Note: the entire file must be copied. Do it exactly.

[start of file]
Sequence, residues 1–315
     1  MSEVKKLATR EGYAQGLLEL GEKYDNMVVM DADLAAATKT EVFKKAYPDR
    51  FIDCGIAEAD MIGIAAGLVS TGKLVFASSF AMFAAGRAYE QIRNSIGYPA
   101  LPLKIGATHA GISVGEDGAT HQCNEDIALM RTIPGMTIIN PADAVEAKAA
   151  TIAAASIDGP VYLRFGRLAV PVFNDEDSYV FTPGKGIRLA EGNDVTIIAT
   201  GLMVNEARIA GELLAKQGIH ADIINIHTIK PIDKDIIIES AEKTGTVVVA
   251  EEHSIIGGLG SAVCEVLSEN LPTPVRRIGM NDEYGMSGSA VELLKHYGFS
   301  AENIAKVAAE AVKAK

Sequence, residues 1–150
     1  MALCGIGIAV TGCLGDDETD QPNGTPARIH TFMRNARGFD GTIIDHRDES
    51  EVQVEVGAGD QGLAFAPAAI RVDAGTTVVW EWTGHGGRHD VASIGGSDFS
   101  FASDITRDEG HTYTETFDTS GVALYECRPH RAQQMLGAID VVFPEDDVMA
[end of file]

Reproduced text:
Sequence, residues 1–315
     1  MSEVKKLATR EGYAQGLLEL GEKYDNMVVM DADLAAATKT EVFKKAYPDR
    51  FIDCGIAEAD MIGIAAGLVS TGKLVFASSF AMFAAGRAYE QIRNSIGYPA
   101  LPLKIGATHA GISVGEDGAT HQCNEDIALM RTIPGMTIIN PADAVEAKAA
   151  TIAAASIDGP VYLRFGRLAV PVFNDEDSYV FTPGKGIRLA EGNDVTIIAT
   201  GLMVNEARIA GELLAKQGIH ADIINIHTIK PIDKDIIIES AEKTGTVVVA
   251  EEHSIIGGLG SAVCEVLSEN LPTPVRRIGM NDEYGMSGSA VELLKHYGFS
   301  AENIAKVAAE AVKAK

Sequence, residues 1–150
     1  MALCGIGIAV TGCLGDDETD QPNGTPARIH TFMRNARGFD GTIIDHRDES
    51  EVQVEVGAGD QGLAFAPAAI RVDAGTTVVW EWTGHGGRHD VASIGGSDFS
   101  FASDITRDEG HTYTETFDTS GVALYECRPH RAQQMLGAID VVFPEDDVMA